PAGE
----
A Winner in and Out of the Office; Ready for the "Have-A-Heart" Campaign? New Integrative Medicine Journal.
Ethics: The Glue That Holds Us Together
Kudos to the National Certification Commission for Acupuncture and Oriental Medicine (NCCAOM) for creating a code of ethics for the nationwide profession and for deciding to make courses in ethics a requirement for certification renewal.
Do You Teach Patients How to Breathe Properly?
Spinal manipulation often produces quick results in terms of pain alleviation and improved range of motion. Unfortunately, once the patient is no longer in pain, they may discontinue therapy, only to be plagued by the same complaint at a future date.
Yo San University Helps Make LA Communities Healthier
An element of healthcare training often overlooked is the residual benefit to communities served by Acupuncture and Oriental Medicine (AOM) schools nationwide.
Sell Out: Using Research for the Wrong Reasons
The above chorus is from the ska band Reel Big Fish's 1997 hit song, "Sell Out," from their album, "Turn the Radio Off." In the song, the singer sarcastically relates the plight of a musician who is tired of "flipping burgers" and is willing to get "lots of money" by playing "what they want you to hear" in order to get a recording contract.
April, 2014, Vol. 14, Issue 04
Techniques to Help Your Pediatric Clients
By Beth-ellen Zang, LMT, AHE, CNC
Used properly, cups can facilitate the body's ability to stay healthy and return itself to a balanced state when things do go awry. In working with infants, toddlers and weak or frail children, it's important to use the small face cups.After two years of age, you can begin using the larger, stronger vacuum cups carefully. Cupping addresses issues like colic, mastoiditis and ear infections, teething, asthma and lung conditions, magnets for bumps bruises and pain, easing soft tissue through growth spurts, muscle spasms (charley horse), scoliosis, indigestion, headache, fevers, sprains, swellings, nervous system sedation, excess excitation like crying and irritability, trouble falling asleep, ADHD and so much more.
First of all, no matter what issue is being presented, the first thing to do is evaluate the situation.
Less is better when treating anyone young or old. Be careful not to over treat. If an infant is having problems with colic, slow and gentle cupping techniques could help calm the nerves and help to draw fluid into the digestive system. Many infants have trouble calming down and cry for hours. Cups can facilitate the calming of the nervous system and help them relax.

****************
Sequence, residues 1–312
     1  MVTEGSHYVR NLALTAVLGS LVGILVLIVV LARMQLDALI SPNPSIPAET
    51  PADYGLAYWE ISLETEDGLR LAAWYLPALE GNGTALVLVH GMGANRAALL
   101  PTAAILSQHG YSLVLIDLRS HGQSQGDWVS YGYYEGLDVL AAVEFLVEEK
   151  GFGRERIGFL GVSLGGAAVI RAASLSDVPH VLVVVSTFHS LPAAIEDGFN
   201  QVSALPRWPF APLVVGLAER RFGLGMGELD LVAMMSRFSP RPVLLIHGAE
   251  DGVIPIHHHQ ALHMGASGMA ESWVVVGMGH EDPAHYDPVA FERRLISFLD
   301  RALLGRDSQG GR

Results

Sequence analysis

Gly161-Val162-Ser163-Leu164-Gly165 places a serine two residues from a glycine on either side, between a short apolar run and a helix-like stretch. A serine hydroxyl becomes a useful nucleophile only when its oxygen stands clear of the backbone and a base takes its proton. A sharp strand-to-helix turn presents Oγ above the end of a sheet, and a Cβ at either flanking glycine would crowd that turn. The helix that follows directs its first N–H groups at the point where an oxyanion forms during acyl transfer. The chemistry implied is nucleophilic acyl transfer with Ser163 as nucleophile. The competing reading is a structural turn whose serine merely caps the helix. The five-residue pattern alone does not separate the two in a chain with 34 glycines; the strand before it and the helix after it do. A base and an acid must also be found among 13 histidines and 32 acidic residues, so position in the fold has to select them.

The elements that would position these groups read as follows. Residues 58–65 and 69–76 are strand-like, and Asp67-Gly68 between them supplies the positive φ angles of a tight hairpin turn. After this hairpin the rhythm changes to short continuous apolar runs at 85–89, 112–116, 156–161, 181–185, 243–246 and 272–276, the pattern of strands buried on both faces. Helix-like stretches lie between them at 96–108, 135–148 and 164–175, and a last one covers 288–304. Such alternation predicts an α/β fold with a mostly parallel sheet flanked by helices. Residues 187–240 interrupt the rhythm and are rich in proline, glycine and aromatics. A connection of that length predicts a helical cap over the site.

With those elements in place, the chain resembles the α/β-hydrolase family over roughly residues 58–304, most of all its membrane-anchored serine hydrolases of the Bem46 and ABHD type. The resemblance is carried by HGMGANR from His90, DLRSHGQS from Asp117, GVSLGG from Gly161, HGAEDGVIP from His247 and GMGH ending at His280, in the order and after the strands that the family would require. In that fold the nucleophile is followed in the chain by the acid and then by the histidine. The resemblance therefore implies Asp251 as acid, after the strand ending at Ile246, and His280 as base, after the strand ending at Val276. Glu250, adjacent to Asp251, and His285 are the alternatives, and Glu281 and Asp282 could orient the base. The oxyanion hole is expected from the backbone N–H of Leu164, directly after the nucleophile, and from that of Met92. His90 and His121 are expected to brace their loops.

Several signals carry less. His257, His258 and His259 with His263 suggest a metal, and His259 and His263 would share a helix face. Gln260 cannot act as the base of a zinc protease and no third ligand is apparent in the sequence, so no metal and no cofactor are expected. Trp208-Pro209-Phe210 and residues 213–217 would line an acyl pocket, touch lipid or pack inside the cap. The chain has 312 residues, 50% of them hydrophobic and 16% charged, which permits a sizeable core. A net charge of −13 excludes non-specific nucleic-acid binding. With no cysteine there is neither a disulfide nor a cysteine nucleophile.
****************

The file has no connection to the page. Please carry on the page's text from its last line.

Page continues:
In the case of ear infections and mastoiditis, teething and other head related issues, keeping the lymph flowing and muscle tissue soft can help relieve related pain and distress. With lymph flowing and a relaxed system, the body can concentrate on correcting itself and often the problem does not exacerbate or can run its course quickly.
Small cups with magnets attached can help relieve pain from bumps and bruises. They may help keep blood and lymph flowing so the area can heal more quickly.
During growth spurts, children often experience muscle spasms. Using specific techniques with the cups to sedate the central nervous system, softening the muscle tissue can help alleviate a lot of suffering for some children.
Lung issues can be greatly helped either by stimulating stagnancy or clearing congestion, helping to drain excess liquid from lungs or draw water towards them. It is very important to evaluate and apply appropriately.
Using cups to sedate the central nervous system can be invaluable if you have a child with ADD or ADHD.
Keeping the fluids in balance, the central nervous system calm and muscle tissues relaxed assists in the continued health of the body and contributes to the correction of body distress when it is out of balance.
I first started using the cups with my grandchildren. My grandson had pneumonia. I arrived at their house and he was extremely uncomfortable and could not breathe without pain. I spent about half an hour gently treating his whole body to relax him and then concentrating on his lung area as he relaxed more. He got up feeling great and breathing without any problems whatsoever. He continued to feel better and never relapsed. He went back to school two days later with a clean bill of health from his doctor.
Recently, an injured two-year old was brought into my office. She had had a pretty terrible fall on her face and had whiplash. She had a constant headache and backache. It took about fifteen minutes of gentle cupping technique mostly on the spine area, neck and some on her face around the nasal bones and mandible areas. One session had her back to her old self again.
Beth-ellen Zang is the Founding Director of Sedona College of Natural Health. She has had a private medical massage practice and has been a Lifestyle Awareness Facilitator since 1979. In 2005, she was certified as an Ayurvedic Health educator and is still studying Ayurveda with the Kerela Academy. Beth-ellen is a Certified Nutrtitional Consultant and has been a Certified ACE Massage Cupping Educator since 2006.
She can be reached at